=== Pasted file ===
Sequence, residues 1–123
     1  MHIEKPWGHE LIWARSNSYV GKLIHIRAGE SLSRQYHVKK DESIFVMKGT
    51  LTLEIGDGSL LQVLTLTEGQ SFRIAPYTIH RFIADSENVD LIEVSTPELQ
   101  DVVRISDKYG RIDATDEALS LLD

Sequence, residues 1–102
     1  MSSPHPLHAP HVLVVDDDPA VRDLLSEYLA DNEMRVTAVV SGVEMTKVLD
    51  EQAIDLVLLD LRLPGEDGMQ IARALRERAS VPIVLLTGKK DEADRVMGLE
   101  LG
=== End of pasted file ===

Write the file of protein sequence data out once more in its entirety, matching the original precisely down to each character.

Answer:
Sequence, residues 1–123
     1  MHIEKPWGHE LIWARSNSYV GKLIHIRAGE SLSRQYHVKK DESIFVMKGT
    51  LTLEIGDGSL LQVLTLTEGQ SFRIAPYTIH RFIADSENVD LIEVSTPELQ
   101  DVVRISDKYG RIDATDEALS LLD

Sequence, residues 1–102
     1  MSSPHPLHAP HVLVVDDDPA VRDLLSEYLA DNEMRVTAVV SGVEMTKVLD
    51  EQAIDLVLLD LRLPGEDGMQ IARALRERAS VPIVLLTGKK DEADRVMGLE
   101  LG